Basement Wiring

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  #1  
Old 12-23-06, 10:33 PM
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Basement Wiring

First post - I am doing the rough in only for electrical and I have hit a snag. I want to be sure I am correct before proceeding.

On my third circuit I want to run the following:

From Panel --> Switch (switching only the potlights)--> Potlight 1-->Potlight 2-->Receptacle 1-->Receptacle 2-->GFCI Receptacle 1-->GFCI Receptacle 2

Can I use 14/2 or 12/2 wire through the entire circuit? Is this best method or is there a better way to wire this circuit?

Thanks in advance.
 
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  #2  
Old 12-24-06, 05:02 AM
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wire size

You may use either size. On lighting as you've described 14-2 is adequate as long as the load is less than 15a. But if you care to use 12-2, you should still use a 15a CB.
 
  #3  
Old 12-24-06, 06:23 AM
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If you wire it as you have stated, then using 12-2 or 14-2 will not allow continuous power to those receptacles. You will need 12-3 or 14-3 from the switch to the first light and then to the second light.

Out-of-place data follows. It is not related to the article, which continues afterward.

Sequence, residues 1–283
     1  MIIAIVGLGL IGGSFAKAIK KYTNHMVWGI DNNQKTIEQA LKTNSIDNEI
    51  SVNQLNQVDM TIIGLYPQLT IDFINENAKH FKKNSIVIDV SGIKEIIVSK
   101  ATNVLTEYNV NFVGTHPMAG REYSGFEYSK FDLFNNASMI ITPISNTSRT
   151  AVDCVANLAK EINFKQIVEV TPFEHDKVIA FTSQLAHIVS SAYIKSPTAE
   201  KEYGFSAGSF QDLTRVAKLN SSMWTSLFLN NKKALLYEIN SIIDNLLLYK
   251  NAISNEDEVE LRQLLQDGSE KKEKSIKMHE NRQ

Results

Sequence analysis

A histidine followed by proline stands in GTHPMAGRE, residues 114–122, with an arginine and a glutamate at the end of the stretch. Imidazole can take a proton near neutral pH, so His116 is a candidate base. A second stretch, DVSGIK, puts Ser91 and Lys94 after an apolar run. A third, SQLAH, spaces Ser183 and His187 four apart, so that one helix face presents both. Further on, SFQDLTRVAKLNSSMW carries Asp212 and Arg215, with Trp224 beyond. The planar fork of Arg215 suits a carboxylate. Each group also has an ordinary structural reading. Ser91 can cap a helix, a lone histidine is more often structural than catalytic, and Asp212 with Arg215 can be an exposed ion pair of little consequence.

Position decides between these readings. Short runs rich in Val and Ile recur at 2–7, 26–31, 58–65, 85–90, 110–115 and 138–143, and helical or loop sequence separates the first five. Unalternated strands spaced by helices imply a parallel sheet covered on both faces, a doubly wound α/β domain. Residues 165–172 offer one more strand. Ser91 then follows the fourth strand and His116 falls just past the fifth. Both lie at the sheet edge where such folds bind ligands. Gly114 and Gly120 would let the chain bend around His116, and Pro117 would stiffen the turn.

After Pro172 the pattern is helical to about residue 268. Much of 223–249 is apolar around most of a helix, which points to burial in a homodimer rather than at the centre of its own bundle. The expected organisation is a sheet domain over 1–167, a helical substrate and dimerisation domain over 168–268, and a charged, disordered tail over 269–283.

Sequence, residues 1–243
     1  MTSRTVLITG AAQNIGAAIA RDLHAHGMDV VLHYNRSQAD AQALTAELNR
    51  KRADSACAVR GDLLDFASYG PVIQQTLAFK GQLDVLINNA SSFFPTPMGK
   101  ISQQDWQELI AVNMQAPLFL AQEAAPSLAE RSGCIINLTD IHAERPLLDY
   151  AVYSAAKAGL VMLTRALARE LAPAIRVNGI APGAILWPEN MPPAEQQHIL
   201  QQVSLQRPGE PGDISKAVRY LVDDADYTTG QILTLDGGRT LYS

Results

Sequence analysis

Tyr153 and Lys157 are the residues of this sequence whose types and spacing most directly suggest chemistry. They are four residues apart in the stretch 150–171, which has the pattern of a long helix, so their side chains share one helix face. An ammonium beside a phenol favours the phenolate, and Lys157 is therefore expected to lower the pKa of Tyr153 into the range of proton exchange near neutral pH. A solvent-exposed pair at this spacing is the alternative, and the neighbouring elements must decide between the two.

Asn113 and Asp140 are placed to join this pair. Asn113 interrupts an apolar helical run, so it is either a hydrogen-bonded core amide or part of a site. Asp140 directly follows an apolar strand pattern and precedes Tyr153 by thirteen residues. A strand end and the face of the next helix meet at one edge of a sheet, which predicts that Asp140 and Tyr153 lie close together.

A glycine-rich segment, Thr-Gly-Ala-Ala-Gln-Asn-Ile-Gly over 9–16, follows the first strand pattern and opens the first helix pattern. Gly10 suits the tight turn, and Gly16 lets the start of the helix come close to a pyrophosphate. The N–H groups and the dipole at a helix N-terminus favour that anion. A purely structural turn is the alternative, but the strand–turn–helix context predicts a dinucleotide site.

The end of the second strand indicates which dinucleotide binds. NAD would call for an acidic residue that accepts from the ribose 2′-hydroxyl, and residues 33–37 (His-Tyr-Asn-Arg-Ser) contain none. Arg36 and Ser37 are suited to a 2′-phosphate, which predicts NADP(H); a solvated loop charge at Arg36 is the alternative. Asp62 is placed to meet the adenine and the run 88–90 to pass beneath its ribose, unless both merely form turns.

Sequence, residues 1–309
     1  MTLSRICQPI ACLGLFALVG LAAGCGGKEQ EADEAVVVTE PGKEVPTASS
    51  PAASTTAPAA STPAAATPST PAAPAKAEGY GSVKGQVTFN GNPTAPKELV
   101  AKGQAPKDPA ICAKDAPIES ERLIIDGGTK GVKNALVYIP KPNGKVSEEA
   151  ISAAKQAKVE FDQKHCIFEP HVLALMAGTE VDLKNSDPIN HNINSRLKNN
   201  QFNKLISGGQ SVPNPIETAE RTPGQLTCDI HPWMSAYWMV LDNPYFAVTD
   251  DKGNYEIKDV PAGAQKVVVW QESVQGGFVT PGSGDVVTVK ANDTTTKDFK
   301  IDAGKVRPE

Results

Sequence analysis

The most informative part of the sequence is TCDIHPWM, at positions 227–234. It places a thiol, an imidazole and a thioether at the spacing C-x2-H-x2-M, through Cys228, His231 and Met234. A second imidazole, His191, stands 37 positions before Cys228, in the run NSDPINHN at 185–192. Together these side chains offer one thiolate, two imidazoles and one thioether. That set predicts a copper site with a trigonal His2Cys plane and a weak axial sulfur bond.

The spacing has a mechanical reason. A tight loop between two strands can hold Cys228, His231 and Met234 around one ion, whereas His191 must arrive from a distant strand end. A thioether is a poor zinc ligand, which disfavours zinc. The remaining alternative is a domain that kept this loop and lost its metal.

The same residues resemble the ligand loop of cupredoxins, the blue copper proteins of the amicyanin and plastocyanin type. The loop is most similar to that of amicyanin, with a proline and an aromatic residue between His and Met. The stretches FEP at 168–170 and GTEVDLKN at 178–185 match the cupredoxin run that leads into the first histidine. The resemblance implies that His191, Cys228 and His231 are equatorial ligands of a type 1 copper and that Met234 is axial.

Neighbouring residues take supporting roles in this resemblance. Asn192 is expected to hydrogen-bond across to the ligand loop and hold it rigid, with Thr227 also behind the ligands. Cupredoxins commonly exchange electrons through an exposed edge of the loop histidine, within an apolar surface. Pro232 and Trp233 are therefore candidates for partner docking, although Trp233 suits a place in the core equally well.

I am more concerned with WHERE in your house this is located. Please elaborate.
 
  #4  
Old 12-24-06, 10:14 AM
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This is a small room beside the rec room. There is a sink in this room, thus the GFCI receptacles. I have the option to wire two circuits here; one for the switch and the two potlights and the another for just the receptacles. Would this be the better option? 14/2 on both runs. I want to call this a kitchen type room, but that is not 100% accurate. There will be a small fridge, sink and microwave..
 
  #5  
Old 12-24-06, 10:46 AM
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What looks like a duck, walks like a duck, and smells like a duck is probably a duck.

The inspector MAY consider this a kitchen and may require two small appliance circuits and a separate lighting circuit. I would ask before I start what he or she wants to see.

It is generally a good idea to keep receptacles and lights separate, especially if this will be used similar to a kitchen, even if not absolutely required to do so. I also recommend proper counter top spacing of these receptacles, even if not absolutely required.

I would run one or two (depending on what the inspector says) 20 amp circuits for the receptacles employing GFCI protection. I would run a separate circuit for the lights. This can be 15 amp, but I prefer 20 amp.
 
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